Florida police officer charged with planting drugs during traffic stops

By Matthew Taylor
23 July 2019

Jackson County, Florida Sheriff’s Deputy Zachary Wester was arrested on July 10 after being charged with 52 crimes related to planting evidence on drivers who he subsequently arrested. The charges include racketeering, fabricating evidence, official misconduct, false imprisonment, and possession of a controlled substance.

Using evidence obtained partly from body cam videos prosecutors have alleged that Wester planted methamphetamine, marijuana, or drug paraphernalia on dozens of drivers. Already eight Floridians serving prison sentences have been released from custody and had their cases dismissed due to the charges against Wester. Another 119 people have had charges against them dropped and an additional 263 cases related to the officer are under review.

If convicted Wester faces up to thirty years in prison.

According to prosecutors Wester would typically pull his victims over for a minor traffic violation and then claim that he could smell marijuana. He would then ask for permission to search his victim’s car. They would then give him permission, believing they had nothing to hide but after a short search Wester would “discover” the drugs and arrest the victim.

Wester at times turned his body camera on and off during the searches. This was one of the first suspicious signs that Christina Pumphrey, a newly hired assistant state’s attorney, noticed when she started investigating Wester’s arrest record. She had begun investigating Wester after complaints from public defenders drew her attention to the fact that a disproportionate number of drug arrests in the small, rural county in the Florida Panhandle were being performed by the officer.

Upon investigating the circumstances of the arrests, Pumphrey found that the officer’s arrest reports would sometimes contradict the footage from the body cam. She also took note of the fact that an unusually high number of drivers arrested by Wester protested their innocence at the scene of the arrests.

Most of Wester’s victims were impoverished workers whom the deputy evidently thought would not be believed when they contradicted his story. Many also had previous drug arrests, which Wester likely believed would bolster his case.

Pumphrey brought her concerns to her superiors, who pressured her to stop investigating Wester. Eventually, the Florida Department of Law Enforcement (FDLE) took up the case. Pumphrey later resigned and is now suing her former employers.

The FDLE investigation resulted in Wester being fired last fall after multiple bags of marijuana and methamphetamine were found in the trunk of his car along with drug paraphernalia. It took several months for the investigation to proceed, and it was hindered when Hurricane Michael impacted the area last year.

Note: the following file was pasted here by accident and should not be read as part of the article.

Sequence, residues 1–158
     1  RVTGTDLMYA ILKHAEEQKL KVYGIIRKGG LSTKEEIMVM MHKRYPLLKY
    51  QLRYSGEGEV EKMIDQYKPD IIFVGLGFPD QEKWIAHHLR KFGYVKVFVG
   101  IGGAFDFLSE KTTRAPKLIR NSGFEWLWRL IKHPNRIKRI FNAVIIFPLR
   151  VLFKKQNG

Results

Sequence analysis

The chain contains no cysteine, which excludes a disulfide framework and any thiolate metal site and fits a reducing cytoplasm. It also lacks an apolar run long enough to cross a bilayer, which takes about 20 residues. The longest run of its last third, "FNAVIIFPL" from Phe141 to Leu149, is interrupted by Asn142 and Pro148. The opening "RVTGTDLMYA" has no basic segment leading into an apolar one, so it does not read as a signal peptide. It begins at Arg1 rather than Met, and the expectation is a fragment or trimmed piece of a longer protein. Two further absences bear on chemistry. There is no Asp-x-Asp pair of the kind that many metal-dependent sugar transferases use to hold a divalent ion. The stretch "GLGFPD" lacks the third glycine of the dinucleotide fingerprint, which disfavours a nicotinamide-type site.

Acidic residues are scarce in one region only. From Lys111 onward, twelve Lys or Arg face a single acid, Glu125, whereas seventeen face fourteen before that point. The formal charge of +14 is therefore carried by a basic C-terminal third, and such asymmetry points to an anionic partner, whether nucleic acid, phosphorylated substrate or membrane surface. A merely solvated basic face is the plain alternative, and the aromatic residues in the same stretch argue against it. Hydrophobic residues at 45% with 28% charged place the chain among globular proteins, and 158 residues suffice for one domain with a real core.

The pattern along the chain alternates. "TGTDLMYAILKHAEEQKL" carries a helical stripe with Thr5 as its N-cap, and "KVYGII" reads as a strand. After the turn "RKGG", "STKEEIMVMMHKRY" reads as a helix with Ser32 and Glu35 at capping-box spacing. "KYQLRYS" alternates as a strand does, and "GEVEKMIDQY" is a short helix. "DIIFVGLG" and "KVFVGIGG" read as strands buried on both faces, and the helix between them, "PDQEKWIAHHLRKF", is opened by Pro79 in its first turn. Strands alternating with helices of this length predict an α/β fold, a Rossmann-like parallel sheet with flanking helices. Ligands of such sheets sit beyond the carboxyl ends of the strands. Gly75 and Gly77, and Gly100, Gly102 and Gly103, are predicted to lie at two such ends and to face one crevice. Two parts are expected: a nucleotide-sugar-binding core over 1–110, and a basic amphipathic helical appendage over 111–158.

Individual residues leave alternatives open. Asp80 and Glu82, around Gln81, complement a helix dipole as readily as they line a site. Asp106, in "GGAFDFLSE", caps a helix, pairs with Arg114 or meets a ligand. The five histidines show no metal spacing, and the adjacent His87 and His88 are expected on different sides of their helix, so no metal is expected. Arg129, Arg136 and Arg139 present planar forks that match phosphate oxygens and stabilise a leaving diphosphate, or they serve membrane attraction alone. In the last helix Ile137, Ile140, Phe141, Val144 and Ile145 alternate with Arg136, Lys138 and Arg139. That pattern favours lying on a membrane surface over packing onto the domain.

Wester was finally arrested last week and is currently out on bond.

Wester had previously worked in a neighboring county for the Liberty County Sheriff’s department but left in disgrace after it was discovered that he was having sexual relationships with both a confidential informant and a woman he had arrested for shoplifting. The Sheriff of Liberty County claims that he had asked one of his captains to fire Wester but the officer allowed Wester to resign instead. Wester was quickly able to find employment in Jackson County, where his father had formerly served as a deputy.

Thus far nine of Wester’s victims have filed a federal lawsuit against the county alleging “grave mental anguish, pain, and suffering, loss of capacity for the enjoyment of life, embarrassment, humiliation, loss of reputation, lost employment opportunities, lost wages, and the loss of other emoluments.”

Whatever compensation Wester’s victims receive due to their lawsuit will not erase the injustice done to them. In addition to the time spent in jails and prisons, as well as the money spent on bail and fines, many of those Wester framed suffered in other ways as well. One man who had previously been arrested lost custody of his daughter over the charges and all have had their reputations stained.

Left unanswered so far is the question of who else in the Jackson County Sheriff's department knew of Wester’s crimes. In some of the cases that have been dismissed other deputies were present for the bogus arrests. In all of the cases, a vigilant prosecutor should have noticed the suspicious nature of the arrests but was likely motivated to ignore any inconsistencies so as to burnish their conviction statistics.

As Pumphrey explained to the media, because the state’s attorney in any given county is an elected official, they are highly motivated to increase their conviction rate so as to improve their chances of re-election. “The state attorney’s office was just as bad and just as guilty as Zach Wester when we found this out and were not dropping these cases immediately, in my mind...When it was ignorance it was one thing, but as soon as we know there are innocent people sitting in jail and we don’t drop the charges, we’re as guilty as he is.”

The Wester case is an illustration of how the so-called “war on drugs” is little more than a pretext for an ongoing campaign of terror against the working class. For decades law enforcement on the state, county, and federal level have all justified their vast budgets and outrageous tactics by citing the need to fight drug trafficking. The result has been the growth of the largest prison population in the world, both by the percentage of the population and in overall numbers.

Currently, that number sits at 2.3 million. This does not include the millions more who are on probation, parole, or some other form of supervised release.

 

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